• Make up your own rules.
  • Be wise, because the world needs more wisdom, and if you cannot be wise, pretend to be someone who is wise, and then just behave like they would.
  • Make interesting mistakes, make amazing mistakes, make glorious and fantastic mistakes. Break rules. Leave the world more interesting for your being here. Make good art.


Love it! If you have not watched it, do so:

And then go and make mistakes! I have been a mistake my entire life and that, as my old friend Robert Frost says, has made all the difference.

PS. go watch Beetlejuice





Act Accordingly

I really enjoy this quote:

“Being an artist is not just about what happens when you are in the studio,” Teresita Fernández said about being an artist, “the way you live, the people you choose to love and the way you love them, the way you vote … will also become the raw material for the art you make.”

This is what it means to be artist and people in an artist’s life should proceed accordingly. As the great Jack Nicholson, in his role as Irish gangster, Frank Costello, in The Departed says:

Frank Costello: How’s your mother?

Man in Bar: She’s on her way out.

Frank Costello: We all are, act accordingly.

I am at the moment preparing for my next exhibition…well, it is actually a performance piece and is a one-night deal, so perhaps exhibition is the wrong word, a performance then. It is in response to my work on my Master’s dissertation. Although I love the process of researching, reading, analyzing and writing, for me it is just the beginning of my practical work, it merely informs my making. First and foremost I am an artist and therefore I am taking all the cerebral and translating it into action, making it visual.

This is my artist statement for my performance:

40RTY by swany

What is the significance of the number 40?

In Western ideology forty is closely linked to Christianity and its beliefs. In Christian scriptures Christ is driven into the desert wilderness by the Holy Spirit where he is tempted three times by the Devil while he fasts for the period of 40 days and 40 nights. The number appears numerous times in both the Old and New Testaments and has come to symbolize a period of testing, trial or probation. In addition, forty years is considered to be a generation. For the men of my generation forty days was the ritually celebrated day of the commencement of our final 40 days as conscripts in the South African Defence Force.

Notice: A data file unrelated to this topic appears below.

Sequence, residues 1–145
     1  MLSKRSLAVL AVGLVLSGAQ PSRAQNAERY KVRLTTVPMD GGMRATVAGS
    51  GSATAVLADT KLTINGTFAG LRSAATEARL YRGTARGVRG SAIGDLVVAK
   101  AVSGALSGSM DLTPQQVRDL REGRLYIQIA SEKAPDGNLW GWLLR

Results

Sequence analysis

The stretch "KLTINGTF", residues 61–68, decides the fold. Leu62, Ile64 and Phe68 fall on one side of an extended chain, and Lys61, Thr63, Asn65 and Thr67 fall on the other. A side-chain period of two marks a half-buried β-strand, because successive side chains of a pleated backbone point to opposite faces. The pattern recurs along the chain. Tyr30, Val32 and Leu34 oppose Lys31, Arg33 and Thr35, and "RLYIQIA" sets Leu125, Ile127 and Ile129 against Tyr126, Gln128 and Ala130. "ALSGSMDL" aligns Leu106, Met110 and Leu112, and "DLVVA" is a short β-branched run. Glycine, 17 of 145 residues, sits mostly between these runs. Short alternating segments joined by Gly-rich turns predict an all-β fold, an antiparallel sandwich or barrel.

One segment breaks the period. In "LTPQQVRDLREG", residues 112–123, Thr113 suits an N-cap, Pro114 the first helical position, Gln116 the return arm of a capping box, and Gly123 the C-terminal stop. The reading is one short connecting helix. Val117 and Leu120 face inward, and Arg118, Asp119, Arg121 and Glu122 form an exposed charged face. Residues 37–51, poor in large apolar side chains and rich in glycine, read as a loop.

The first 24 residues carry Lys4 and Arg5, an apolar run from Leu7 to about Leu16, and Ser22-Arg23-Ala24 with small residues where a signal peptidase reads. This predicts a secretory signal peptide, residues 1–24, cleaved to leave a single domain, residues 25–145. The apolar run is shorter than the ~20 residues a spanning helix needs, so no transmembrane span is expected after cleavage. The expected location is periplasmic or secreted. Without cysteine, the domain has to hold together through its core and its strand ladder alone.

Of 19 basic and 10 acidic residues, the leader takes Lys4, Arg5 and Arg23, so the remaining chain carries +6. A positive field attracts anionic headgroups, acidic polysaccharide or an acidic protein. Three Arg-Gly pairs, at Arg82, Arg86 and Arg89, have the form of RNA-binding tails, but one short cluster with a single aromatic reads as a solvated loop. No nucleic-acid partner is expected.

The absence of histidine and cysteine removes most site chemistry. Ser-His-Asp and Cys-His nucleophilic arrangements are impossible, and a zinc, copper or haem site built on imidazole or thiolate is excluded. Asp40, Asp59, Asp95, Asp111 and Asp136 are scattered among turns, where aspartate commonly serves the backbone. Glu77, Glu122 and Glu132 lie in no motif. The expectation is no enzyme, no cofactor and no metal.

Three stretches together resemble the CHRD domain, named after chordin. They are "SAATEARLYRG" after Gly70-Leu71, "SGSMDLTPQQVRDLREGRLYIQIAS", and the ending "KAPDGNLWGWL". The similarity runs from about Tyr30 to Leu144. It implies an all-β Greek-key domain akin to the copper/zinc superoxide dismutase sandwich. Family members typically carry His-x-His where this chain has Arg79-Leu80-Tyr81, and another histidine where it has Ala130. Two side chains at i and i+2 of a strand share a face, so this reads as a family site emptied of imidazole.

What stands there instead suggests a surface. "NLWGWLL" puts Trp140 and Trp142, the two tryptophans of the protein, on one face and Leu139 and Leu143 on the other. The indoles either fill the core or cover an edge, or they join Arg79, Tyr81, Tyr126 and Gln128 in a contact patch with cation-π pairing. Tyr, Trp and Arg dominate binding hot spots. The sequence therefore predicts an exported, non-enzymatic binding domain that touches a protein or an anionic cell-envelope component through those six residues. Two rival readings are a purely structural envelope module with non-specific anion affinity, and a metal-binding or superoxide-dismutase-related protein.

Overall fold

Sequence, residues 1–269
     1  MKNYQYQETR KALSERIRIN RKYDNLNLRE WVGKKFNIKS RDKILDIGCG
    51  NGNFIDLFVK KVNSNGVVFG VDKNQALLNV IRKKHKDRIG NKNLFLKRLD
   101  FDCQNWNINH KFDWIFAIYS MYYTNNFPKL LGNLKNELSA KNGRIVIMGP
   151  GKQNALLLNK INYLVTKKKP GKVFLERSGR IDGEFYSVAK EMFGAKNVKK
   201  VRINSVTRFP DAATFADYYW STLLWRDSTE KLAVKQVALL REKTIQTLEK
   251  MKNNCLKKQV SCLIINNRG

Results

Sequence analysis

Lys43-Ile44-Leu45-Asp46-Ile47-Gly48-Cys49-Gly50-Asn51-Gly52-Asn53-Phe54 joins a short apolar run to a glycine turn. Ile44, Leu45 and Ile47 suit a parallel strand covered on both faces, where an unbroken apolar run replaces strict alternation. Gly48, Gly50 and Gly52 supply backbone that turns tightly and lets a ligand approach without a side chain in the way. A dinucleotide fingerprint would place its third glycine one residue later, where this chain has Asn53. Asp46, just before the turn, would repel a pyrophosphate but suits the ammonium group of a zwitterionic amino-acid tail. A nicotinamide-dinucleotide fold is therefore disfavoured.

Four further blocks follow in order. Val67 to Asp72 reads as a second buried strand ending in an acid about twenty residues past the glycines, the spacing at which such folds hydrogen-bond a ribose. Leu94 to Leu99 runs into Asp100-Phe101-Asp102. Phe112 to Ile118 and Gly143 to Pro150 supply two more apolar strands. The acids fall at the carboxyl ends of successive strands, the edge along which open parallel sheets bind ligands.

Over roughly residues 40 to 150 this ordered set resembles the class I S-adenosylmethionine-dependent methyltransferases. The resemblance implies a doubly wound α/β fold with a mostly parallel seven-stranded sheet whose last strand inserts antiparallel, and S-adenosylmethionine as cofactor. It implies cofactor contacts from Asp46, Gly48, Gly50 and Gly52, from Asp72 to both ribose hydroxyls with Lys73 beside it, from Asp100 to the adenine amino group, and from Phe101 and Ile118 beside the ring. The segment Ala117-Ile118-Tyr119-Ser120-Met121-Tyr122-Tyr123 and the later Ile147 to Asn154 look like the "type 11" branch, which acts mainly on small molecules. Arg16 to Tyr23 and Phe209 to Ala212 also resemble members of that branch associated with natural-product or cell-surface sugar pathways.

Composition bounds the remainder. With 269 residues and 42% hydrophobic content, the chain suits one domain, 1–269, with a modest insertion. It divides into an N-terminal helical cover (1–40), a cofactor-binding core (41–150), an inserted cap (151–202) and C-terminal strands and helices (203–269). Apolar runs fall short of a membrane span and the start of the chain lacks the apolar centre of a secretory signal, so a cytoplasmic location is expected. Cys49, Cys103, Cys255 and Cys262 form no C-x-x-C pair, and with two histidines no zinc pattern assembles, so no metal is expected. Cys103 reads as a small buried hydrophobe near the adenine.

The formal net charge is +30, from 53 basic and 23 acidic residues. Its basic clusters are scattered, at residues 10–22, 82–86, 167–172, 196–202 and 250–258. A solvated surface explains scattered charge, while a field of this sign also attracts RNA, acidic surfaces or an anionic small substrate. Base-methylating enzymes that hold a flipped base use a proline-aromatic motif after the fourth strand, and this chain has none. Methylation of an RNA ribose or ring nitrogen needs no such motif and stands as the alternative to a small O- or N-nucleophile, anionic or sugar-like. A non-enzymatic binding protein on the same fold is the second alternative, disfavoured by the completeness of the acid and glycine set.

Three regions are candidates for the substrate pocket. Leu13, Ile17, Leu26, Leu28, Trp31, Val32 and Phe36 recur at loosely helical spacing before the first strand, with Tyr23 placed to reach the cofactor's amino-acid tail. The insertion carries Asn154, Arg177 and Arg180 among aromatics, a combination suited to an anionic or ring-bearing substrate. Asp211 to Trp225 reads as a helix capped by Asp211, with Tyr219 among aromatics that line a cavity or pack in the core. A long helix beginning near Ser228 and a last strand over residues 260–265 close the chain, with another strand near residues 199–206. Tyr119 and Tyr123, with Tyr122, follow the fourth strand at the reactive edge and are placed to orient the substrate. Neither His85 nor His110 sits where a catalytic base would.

These various readings of the number 40 inform this performance piece. I am at present busy with my Masters in Visual Arts for which I am researching white South African masculinities, specifically those of my generation. This performance is a practical realization of some of that research. In 40RTY I will interrogate masculinity and our perceptions of it utilising a performance within an installation and within a gallery space. To prepare myself I will fast for 40 days and 40 nights prior to the performance. The work will be documented by both photographer and videographer and viewers are welcome to do the same.

40RTY – masculinity as a performance.

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40RTY invite